This Comment analyzes the steady erosion of the 1954 landmark Brown v. Board of Education case. Specifically, it argues that the millions of poor and overwhelmingly minority school children who are attending 99% single-race schools might actually have access to better teachers and more adequate educational funding under the long-abandoned principle that "separate" schools must be "equal," by some measure, than such students fare under today's watered down interpretation of the Brown case. Illinois, which ranks dead last in school-funding equality as measured by disparity in per pupil expenditures, is examined in depth. The Comment provides extensive statistical analysis and comparisons which highlight the vastness of the chasm that separates black and white and the rich and poor in this nation. An overview of constitutional education and equal protection jurisprudence is provided beginning with Brown and extending through the 2007 case Parents Involved in Community Schools v. Seattle School District No. 1, which provided a glimmer of hope for diversifying de facto segregated schools, despite the shockingly oversimplified tenor of the plurality opinion.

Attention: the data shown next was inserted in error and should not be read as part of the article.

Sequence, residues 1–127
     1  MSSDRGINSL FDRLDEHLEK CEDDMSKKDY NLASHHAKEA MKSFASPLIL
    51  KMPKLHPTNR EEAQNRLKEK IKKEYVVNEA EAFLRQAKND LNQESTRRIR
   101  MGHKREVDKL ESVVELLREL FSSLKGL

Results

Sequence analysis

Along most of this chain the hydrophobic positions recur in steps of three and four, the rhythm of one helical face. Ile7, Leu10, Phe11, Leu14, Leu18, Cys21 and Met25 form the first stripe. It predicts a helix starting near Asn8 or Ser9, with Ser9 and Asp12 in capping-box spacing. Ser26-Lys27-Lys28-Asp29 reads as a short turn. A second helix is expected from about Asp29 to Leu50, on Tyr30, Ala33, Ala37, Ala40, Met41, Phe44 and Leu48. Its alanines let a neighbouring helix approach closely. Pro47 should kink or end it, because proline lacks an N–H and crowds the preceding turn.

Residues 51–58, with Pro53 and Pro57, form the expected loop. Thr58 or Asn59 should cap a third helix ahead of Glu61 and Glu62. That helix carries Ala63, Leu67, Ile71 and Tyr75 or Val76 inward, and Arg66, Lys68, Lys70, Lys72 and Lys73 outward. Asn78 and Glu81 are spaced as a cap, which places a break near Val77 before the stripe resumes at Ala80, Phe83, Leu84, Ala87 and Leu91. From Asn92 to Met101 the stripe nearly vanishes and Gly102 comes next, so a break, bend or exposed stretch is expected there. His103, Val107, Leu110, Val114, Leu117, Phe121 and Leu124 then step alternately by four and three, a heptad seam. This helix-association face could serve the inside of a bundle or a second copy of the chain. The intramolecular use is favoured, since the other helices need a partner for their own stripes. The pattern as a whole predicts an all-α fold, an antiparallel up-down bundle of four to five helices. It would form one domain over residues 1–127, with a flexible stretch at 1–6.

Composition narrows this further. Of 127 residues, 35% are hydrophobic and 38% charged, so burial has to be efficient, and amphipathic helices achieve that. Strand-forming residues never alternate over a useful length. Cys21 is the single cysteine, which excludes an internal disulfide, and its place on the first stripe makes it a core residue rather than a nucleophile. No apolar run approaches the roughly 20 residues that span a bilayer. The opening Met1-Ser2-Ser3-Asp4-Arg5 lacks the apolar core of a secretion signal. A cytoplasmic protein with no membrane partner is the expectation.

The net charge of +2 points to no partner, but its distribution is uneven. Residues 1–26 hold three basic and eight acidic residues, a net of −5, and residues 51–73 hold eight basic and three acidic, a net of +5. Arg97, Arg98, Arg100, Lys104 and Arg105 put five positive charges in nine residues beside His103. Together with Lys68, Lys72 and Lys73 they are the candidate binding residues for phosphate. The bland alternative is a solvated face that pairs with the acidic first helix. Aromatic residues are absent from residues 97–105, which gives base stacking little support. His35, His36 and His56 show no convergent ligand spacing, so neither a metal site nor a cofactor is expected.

College of Law
Northern Illinois University Law Review
"An Argument for a Return to Plessy v. Ferguson: Why Illinois Should Reconsider the Doctrine of "Separate but Equal" Public Schools,"
Northern Illinois University Law Review: Vol. 29:
1, Article 1.
Rick Guzman, Comment, An Argument for a Return to Plessy v. Ferguson: Why Illinois Should Reconsider the Doctrine of "Separate but Equal" Public Schools, 29 N. Ill. U. L. Rev. 149 (2008).